Close up of a face design using process printing

Understanding Process Printing

Paul Boody

Process printing refers to the process of printing images using the subtractive color model. Usually, the process uses the primary colors of cyan, magenta, and yellow printed on a white ground to create a full color image. The blacks created by using all three of these colors are often pale and dirty. To create cleaner and richer images, black ink is often added to the process. This creates an image using CMYK or the four color process method.

This process uses very tiny dots of those primary colors. These dots are optically mixed by the viewer to create a wide range of colors.

process zoom

This process also utilizes the printing of these colors on a white ground. To print a pink, very small magenta drops are printed sparingly on a white surface. These small dots and the white background optically mix for the viewer to create a pink.

Printing on Colored Surfaces

Process printing relies on printing CMYK inks on a white surface to create accurate color. Because of this, printing on a colored surface will produce some very different results.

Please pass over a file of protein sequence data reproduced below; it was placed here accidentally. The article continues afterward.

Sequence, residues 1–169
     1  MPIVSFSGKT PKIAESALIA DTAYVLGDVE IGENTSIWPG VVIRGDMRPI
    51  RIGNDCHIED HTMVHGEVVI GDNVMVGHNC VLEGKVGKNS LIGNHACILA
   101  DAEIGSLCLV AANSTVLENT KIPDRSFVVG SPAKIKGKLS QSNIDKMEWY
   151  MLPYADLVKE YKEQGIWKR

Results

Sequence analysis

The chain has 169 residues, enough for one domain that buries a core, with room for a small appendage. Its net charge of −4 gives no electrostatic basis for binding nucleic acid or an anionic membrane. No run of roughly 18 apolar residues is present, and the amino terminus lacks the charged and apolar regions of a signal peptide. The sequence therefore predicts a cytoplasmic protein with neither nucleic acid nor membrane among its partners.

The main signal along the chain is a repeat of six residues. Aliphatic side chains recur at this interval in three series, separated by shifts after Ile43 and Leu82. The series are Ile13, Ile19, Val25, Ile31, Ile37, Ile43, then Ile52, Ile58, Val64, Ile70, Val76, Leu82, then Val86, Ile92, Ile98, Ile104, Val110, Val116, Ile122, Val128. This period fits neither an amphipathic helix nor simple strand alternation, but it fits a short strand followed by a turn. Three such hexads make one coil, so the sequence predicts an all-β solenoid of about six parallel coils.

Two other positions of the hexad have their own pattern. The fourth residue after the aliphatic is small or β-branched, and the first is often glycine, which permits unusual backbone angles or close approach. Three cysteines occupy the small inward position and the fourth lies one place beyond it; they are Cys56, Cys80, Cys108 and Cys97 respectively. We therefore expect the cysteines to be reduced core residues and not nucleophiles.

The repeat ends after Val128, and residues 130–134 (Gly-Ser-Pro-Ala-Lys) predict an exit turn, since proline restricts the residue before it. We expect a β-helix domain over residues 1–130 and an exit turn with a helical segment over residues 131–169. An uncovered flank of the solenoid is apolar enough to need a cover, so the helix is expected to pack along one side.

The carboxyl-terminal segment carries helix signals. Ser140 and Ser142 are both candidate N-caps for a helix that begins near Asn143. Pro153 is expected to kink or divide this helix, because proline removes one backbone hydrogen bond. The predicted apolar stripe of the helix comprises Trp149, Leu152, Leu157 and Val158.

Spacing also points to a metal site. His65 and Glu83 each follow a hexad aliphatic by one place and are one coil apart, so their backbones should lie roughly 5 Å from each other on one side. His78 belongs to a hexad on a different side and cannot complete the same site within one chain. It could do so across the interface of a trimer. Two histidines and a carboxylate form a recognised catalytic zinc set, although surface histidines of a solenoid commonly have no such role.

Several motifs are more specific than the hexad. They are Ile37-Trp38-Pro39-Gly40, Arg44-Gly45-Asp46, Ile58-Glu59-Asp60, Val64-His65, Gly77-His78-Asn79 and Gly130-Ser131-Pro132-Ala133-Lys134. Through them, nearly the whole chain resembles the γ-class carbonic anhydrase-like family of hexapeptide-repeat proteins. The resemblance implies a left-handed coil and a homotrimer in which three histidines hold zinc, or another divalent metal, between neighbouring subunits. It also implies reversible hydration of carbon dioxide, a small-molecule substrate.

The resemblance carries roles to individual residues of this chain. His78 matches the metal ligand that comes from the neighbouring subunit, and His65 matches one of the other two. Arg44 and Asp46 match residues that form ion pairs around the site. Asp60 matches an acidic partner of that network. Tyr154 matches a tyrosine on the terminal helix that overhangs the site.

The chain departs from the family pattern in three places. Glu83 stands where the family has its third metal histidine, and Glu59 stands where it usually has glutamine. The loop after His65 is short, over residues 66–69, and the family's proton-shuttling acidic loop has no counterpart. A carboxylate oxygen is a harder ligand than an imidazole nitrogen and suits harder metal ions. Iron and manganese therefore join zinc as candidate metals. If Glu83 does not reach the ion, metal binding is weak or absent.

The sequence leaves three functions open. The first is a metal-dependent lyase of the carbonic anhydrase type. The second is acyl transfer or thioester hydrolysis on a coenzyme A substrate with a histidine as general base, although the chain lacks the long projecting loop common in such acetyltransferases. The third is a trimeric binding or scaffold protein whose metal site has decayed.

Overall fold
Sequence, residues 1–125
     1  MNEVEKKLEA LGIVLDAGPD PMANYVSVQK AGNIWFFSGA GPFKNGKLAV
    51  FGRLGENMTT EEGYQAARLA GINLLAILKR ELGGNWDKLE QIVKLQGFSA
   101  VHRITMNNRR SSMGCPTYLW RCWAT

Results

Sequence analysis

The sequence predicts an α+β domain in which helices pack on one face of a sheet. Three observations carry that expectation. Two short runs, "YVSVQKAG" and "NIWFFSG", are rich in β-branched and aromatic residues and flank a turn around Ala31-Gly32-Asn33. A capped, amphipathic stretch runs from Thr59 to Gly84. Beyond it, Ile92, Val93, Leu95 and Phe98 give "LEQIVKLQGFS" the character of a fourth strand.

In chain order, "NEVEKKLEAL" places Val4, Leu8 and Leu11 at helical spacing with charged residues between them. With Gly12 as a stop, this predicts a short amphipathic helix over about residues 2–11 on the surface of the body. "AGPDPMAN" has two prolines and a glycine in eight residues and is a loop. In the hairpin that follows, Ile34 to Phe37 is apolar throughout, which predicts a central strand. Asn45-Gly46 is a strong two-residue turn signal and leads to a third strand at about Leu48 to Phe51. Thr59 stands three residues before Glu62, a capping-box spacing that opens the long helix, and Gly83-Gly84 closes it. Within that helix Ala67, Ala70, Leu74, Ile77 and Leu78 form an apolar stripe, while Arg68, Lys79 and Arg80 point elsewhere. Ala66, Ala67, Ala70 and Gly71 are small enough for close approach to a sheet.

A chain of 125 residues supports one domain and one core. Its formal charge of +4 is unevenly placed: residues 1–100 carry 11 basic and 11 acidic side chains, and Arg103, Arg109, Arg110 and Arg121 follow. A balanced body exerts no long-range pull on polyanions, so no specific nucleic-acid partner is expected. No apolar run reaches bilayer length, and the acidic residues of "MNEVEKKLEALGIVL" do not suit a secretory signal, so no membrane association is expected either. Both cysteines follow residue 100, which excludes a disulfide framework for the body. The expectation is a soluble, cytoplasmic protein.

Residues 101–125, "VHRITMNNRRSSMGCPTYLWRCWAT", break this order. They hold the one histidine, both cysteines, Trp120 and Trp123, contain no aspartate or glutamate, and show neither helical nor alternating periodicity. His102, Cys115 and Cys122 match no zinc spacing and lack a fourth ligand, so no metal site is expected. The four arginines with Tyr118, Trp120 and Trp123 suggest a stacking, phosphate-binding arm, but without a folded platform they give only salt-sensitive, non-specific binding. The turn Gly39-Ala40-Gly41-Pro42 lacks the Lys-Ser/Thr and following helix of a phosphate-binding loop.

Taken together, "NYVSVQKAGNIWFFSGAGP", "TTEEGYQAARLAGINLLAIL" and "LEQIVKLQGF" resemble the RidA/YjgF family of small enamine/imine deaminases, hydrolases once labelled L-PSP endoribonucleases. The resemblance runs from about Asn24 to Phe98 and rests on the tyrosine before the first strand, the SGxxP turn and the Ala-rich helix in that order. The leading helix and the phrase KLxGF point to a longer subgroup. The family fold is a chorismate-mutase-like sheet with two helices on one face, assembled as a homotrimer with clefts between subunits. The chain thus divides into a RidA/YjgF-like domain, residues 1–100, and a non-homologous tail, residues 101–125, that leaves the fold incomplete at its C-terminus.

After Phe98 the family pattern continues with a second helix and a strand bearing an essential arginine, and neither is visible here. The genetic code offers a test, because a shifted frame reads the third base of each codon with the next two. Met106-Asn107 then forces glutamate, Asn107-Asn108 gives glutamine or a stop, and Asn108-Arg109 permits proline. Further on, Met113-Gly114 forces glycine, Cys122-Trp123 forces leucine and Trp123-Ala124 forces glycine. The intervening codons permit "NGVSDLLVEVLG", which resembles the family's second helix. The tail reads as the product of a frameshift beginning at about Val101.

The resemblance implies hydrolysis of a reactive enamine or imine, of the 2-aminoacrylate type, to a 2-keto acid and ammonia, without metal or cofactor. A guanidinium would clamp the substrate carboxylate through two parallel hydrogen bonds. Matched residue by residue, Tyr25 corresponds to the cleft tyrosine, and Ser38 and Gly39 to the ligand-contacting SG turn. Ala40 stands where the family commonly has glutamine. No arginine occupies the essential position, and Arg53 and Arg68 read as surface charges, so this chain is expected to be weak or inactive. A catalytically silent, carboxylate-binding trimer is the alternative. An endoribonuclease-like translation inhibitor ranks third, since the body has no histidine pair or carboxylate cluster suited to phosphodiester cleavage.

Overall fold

colored grounds

While this can be used to great effect, it is often not what people are looking for. To prevent this color distortion, some printers will use a layer of white ink underneath the color inks. This layer is often referred to as an underbase.

Underbases can be solid, or they can change depending on the top color. If black is being printed, there may be little reason to print solid white ink underneath it. Using different styles of underbase will produce differing results on the color print

bluejay topcolor over ubase

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